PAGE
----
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Will We Ever Have Enough Homeowner's Insurance?

Contributed by mm | September 15, 2005 9:45 AM PST

Let me start by saying I'm risk averse: I have $500,000 liability limit on both auto insurance and homeowner's insurance, plus $1,000,000 extra umbrella insurance on top of that. I don't care too much about high deductibles -- the $1,000 deductible on my homeowner's insurance policy will only set me back by a week or so based on my current saving rate -- but I do care a lot about protecting our family assets from a catastrophic financial meltdown.

The unfortunate happenings in Louisiana does let me wonder one thing: will we ever have enough coverage for our house?

Take a look at my homeowner's insurance policy: I have a coverage of $240,000 on my 4-bedroom house, $120,000 for personal properties, and up to 12 months' coverage of loss of use, all "replacement value" (vs. inferior "cash value" policies). $240,000 should be sufficient to rebuild my house based on my agent. Do I have enough coverage?

My house is probably worth a bit over $400,000 now, and I understand a big chunk of the value is actually the value of the land, which, presumably, will not diminish if my house itself is burnt down. And I can totally understand the rationale that insurance companies will not insure the value of land -- it is hard to value and more or less driven by market sentiments. Plus, in front of a disaster that destory the house in its entirety, the homeowner still owns the land, and the value of the land should not change, supposedly.

Only supposedly. But is it true for those in New Orleans? I cannot help but imagine that some beachfront mansions were demolished, and the complete community becomes uninhabitable. If someone was willing to pay $1 million for a good lot by the sea before the hurricane, will he still be willing to pay the same amount for the same lot with mud and human or animal remains, which is so polluted that is no longer inhabitable for human beings?

My point is: even without a housing market meltdown, the land value of individual communities can still be send to a tailspin by natural disasters. In light of this, how can a rational investor in Florida or the gulf area get enough protection?

I don't have an answer, and I doubt a type of insurance can be developed commerically when we are dealing with the subjective value of land instead of objective value of rebuilding cost. Fortunately enough, I don't see a big issue for me. After all, my house is on a plateau, and unless Seattle is completely submerged, my house and community should stay relatively unharmed.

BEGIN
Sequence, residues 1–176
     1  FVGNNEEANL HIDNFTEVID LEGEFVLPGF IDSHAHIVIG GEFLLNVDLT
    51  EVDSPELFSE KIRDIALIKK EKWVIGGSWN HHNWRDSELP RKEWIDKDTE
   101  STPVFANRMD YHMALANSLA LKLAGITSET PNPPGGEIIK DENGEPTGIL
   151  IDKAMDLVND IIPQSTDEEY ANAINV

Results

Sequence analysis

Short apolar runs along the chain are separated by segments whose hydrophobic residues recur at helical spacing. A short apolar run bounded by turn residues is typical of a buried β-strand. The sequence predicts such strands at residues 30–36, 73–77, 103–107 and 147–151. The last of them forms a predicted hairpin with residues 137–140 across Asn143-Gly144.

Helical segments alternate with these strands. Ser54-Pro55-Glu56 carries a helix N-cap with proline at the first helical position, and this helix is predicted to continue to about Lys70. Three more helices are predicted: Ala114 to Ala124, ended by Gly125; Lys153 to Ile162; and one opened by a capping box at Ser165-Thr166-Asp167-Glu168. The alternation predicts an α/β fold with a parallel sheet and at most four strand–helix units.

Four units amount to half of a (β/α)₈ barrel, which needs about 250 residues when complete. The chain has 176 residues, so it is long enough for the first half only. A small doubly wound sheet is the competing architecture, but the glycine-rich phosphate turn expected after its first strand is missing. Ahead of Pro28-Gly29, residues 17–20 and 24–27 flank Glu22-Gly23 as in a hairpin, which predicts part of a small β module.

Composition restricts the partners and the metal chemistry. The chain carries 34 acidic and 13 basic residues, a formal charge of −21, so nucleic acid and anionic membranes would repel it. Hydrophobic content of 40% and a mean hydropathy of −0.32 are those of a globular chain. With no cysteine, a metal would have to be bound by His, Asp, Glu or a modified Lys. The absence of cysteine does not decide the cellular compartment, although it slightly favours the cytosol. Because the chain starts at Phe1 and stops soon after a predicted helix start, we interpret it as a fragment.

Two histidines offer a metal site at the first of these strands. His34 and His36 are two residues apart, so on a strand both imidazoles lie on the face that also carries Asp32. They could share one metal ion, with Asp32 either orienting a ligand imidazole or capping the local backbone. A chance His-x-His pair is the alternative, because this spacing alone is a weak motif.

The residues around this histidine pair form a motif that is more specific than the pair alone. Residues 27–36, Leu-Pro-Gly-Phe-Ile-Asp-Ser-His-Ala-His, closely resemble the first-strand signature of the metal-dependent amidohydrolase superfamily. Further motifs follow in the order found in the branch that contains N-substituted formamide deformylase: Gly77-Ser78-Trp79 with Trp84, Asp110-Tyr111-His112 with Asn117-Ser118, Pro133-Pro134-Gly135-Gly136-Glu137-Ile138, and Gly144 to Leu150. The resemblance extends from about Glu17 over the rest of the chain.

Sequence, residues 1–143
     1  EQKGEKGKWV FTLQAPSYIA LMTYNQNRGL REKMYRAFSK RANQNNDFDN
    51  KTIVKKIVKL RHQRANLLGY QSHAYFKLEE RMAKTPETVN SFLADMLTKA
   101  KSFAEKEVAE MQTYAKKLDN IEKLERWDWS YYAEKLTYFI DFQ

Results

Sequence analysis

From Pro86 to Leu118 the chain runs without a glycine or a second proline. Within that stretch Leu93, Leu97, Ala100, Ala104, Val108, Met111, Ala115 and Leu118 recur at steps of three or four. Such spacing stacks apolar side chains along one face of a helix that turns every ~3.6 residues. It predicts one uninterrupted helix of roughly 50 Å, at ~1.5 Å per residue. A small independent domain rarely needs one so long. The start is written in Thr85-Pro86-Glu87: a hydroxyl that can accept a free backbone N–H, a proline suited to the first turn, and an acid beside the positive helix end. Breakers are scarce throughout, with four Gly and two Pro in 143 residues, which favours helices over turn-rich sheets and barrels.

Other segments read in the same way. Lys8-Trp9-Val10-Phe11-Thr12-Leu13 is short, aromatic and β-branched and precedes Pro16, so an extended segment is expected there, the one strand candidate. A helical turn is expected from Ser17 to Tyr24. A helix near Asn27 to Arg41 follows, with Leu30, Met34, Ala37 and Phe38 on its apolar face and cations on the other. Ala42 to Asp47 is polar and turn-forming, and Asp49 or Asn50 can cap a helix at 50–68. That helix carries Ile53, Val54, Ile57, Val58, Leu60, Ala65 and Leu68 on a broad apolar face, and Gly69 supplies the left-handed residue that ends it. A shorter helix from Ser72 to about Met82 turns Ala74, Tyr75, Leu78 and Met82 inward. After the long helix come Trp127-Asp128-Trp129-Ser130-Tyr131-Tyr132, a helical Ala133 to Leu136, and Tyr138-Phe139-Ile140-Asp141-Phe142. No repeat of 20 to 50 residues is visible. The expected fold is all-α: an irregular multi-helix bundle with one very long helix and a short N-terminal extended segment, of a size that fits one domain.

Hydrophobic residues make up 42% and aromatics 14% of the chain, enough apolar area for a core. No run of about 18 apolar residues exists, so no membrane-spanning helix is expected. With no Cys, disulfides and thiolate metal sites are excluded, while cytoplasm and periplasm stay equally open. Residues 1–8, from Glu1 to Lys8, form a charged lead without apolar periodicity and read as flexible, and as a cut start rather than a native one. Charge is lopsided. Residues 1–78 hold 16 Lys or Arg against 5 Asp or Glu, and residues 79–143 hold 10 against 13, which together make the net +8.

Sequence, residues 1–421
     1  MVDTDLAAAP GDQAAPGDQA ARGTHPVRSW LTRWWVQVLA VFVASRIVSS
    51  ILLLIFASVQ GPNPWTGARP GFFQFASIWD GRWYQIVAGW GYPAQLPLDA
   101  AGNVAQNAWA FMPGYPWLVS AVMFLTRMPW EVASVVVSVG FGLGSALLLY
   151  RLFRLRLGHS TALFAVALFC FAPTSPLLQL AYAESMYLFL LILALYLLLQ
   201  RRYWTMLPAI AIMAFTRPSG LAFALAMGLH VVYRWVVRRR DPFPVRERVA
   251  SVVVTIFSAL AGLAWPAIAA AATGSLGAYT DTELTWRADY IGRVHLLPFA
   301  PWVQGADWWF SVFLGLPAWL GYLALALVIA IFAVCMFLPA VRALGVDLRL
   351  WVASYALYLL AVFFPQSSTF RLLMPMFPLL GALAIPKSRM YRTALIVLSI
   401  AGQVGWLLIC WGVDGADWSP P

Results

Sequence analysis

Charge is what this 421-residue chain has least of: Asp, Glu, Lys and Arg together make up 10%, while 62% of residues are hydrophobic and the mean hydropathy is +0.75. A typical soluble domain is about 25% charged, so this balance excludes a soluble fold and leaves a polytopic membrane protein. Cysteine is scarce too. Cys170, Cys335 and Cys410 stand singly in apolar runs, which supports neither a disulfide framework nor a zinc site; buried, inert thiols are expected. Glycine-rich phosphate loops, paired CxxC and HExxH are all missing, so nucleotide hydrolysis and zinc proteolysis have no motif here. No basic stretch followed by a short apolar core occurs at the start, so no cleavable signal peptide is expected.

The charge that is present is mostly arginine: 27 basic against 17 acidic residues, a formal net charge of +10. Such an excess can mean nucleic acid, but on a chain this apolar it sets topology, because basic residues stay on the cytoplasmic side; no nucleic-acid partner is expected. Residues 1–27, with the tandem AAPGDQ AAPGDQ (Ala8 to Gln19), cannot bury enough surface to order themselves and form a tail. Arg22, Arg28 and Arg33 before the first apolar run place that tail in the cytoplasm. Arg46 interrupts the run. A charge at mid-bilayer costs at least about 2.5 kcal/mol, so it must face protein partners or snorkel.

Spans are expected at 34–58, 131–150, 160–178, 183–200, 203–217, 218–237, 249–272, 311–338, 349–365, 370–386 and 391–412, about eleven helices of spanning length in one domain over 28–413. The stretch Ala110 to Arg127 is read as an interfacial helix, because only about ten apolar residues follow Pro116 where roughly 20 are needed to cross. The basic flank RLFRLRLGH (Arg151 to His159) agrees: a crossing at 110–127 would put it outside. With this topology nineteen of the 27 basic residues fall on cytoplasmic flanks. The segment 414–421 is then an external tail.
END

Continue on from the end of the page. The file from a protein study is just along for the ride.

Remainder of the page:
On a separate and only loosely related topic, Steven E. Landsburg argued "Why we shouldn't aid Katrina's victims too much" at Slate. His economic analysis-based argument is: if people in the gulf area choose to take the natural disaster risk and live in the area for the "Big Easy" lifestyle, other risk-averse society members should not be penalized at the expense of New Orleans citizens' risk-taking decisions. (Federal aid reduced the government's ability to support other regions' development and thus harm the welfare of other states.)

Don't get me wrong. I'm not taking an absolute position on this. Now that the disaster happened, I believe we ought to show some love, even it means tens or hundreds of billion dollars, but if people in New Orleans choose to rebuild the city again in these flood-prone below-the-sea-level areas when they have safer alternatives, I will question whether they deserve another multi-billion-dollar bailout when the next major hurricane visits the region in the next few years or decades.

This Post Has Received 76 Comments. Share Your Opinions Too.

tl Commented on September 15, 2005

mm: If you can get insurance for a volcanic eruption you might want to consider it. There is no guarantee Seattle will exist if Mt. Ranier does a Mt. St. Helens. As of now the risk is probably lower than that of a hurricane, but not if it starts showing activity.

There are those who would say you are taking a risk living in Seattle. Me, I like Seattle.